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Last year, industry analysts pointed to 2005 as a potential watershed for services-oriented architecture and its purveyors.

Early anecdotal evidence indicates that this prediction may bear out. Consultants and integrators are building SOAs that are more than pilot installations. BearingPoint Inc. recently announced a project at Fireman’s Fund Insurance Co. that employs an SOA. BearingPoint will use the approach to integrate a new agent-compensation management system with numerous legacy applications.

SOAs represent a software development approach based on reusable services that can be combined to perform various business functions. Web services protocols provide the foundation for most of the SOAs now surfacing. Web services standards such as XML and SOAP (Simple Object Access Protocol) let organizations integrate applications, without the need for proprietary application programming interfaces.

Another encouraging sign comes from large integrators, which are expanding their SOA and Web services practices. Earlier this month, for example, IBM Global Services unveiled new services to help customers plan, design, implement and manage SOAs.

In addition, the giants of enterprise software have put their stamp on SOA. Two weeks ago, SAP launched a process to assist customers in the SOA transition.

“We are starting to see the Web-service enablement of major systems,” said Ed Horst, vice president of marketing at AmberPoint, a maker of SOA management software.

Horst also cited the commitment of large integrators to SOA as another indication that SOAs have arrived. “We’re now getting to the point where you get critical mass,” he said. Horst said AmberPoint generated more revenue in its most recent quarter than in the whole of its previous fiscal year.

AmberPoint works with top-tier integrators like IBM Global Services and much smaller firms such as Merlin Technical Solutions. Smaller companies, Horst said, have been among the first movers in SOA development and integration, building upon experience with distributed application approaches such as the Common Object Request Broker Architecture and the Distributed Computing Environment.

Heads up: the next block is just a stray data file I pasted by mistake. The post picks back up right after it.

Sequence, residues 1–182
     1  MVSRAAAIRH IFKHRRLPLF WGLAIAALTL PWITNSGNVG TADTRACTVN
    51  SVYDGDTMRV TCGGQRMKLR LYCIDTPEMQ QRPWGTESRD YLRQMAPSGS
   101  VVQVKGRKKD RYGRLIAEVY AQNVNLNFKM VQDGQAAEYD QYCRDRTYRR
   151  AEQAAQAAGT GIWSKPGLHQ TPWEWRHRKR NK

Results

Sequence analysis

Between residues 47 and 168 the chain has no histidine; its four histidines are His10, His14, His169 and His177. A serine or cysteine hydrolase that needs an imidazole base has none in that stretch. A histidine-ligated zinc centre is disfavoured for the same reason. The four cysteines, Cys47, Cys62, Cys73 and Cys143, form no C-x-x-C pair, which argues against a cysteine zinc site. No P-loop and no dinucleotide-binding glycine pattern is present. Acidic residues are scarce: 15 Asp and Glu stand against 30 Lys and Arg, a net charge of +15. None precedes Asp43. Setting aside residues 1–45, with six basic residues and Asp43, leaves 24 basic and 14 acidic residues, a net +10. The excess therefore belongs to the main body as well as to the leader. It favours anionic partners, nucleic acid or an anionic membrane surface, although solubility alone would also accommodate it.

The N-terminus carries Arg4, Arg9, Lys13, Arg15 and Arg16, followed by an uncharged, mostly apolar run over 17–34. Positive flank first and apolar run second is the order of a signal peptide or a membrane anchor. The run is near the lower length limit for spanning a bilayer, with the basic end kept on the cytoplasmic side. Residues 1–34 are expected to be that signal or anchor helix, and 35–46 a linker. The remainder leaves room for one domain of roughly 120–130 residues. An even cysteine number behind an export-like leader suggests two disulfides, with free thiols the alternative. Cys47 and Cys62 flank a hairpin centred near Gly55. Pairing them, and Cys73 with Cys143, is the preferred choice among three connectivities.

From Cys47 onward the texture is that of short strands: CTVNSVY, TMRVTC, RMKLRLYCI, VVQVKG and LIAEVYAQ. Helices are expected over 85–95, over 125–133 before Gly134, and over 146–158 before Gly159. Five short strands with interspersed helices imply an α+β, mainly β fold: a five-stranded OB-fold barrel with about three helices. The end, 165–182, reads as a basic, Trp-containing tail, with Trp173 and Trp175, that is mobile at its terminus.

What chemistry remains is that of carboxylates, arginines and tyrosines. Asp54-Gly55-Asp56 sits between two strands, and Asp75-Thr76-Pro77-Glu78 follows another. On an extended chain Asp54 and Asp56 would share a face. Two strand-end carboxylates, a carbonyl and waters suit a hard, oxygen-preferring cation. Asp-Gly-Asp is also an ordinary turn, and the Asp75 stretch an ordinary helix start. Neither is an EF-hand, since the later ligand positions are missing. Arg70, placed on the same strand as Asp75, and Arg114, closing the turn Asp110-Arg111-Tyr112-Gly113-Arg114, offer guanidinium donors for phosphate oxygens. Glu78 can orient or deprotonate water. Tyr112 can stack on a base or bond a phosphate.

Because services-based applications communicate standard protocols, integrators don’t need to learn the intricacies of a software package’s APIs, Horst said. But to take advantage of the current demand for SOA, they do need to know a few other things. Horst said service providers need to deal with architectural issues such as granularity. That is, should a given business function such as credit-card transactions be rolled up into an application function as one large service, or in a more finely grained way, as a set of separate operations?

Horst said would-be SOA integrators would also do well to stay on top of standards and pay attention to problems the run times of specific applications may have in performance management and security. They must also straddle skill sets, he noted, as SOAs may involve .Net, Java or other platforms.

Rob Kidd, a research director with The Sageza Group Inc., added another factor for integrators to consider: human relations.

He said corporate IT departments have traditionally served a maintenance function, keeping watch over legacy systems and their associated interconnection issues. Introduce an SOA, however, and the role of the IT shop changes.

“In the ideal case, SOA enables the business people to customize applications very quickly, on the fly, to meet business needs,” Kidd explained. So what was once an IT function shifts to business users.

This role change may be hard for organizations to handle, Kidd contended. Integrators must be ready to grapple with the human component along with the business and technical aspects of SOA, he added.

So, 2005 may yet emerge as the year of the SOA consultant. But the well-rounded service provider may make the greatest inroads.